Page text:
Lawrence Baum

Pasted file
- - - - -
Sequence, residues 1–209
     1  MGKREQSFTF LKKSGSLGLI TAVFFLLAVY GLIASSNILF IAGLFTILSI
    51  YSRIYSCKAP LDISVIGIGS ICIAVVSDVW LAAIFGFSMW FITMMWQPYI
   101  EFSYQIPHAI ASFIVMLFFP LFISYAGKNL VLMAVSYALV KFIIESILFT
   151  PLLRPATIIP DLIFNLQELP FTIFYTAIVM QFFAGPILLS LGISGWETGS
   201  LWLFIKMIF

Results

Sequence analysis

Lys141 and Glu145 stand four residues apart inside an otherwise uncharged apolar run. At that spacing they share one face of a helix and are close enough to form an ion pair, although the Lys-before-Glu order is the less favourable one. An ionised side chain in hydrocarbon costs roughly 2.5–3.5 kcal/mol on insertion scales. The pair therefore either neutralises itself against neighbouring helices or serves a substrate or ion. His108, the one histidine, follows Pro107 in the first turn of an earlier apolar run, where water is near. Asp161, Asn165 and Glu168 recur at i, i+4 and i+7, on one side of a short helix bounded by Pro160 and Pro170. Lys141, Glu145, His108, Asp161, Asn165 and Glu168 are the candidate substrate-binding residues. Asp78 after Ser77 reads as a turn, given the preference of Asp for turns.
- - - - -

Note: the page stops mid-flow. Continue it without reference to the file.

When scholars and policymakers consider proposals for specialized courts, they are usually and appropriately mindful of the potential effects of specialization on the adjudication of cases. Focusing on the immigration field, this Article considers these potential effects in relation to other attributes of adjudication: the difficulty of cases, the severe caseload pressures, and the strong hierarchical controls that are each important attributes at some or all levels of the adjudication system. Specifically, this Article discusses the effects of those attributes, the effects of judicial specialization, and the intertwining of the two. It applies that analysis to proposals to substitute some type of specialized court for the federal courts of appeals in the adjudication of immigration cases. The Article concludes that the impact of adopting such a proposal could be substantial but that it is also quite uncertain. To a considerable degree, the impact depends on the form of specialization adopted and on other provisions of the legislation that creates a specialized court.

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